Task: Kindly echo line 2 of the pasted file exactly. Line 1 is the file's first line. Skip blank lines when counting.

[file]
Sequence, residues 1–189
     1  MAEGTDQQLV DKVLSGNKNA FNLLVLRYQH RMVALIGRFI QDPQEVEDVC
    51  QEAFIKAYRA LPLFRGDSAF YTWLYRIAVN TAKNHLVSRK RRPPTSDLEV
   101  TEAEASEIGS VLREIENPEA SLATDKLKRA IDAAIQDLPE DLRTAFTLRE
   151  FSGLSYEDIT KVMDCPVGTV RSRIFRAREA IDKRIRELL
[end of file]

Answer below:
     1  MAEGTDQQLV DKVLSGNKNA FNLLVLRYQH RMVALIGRFI QDPQEVEDVC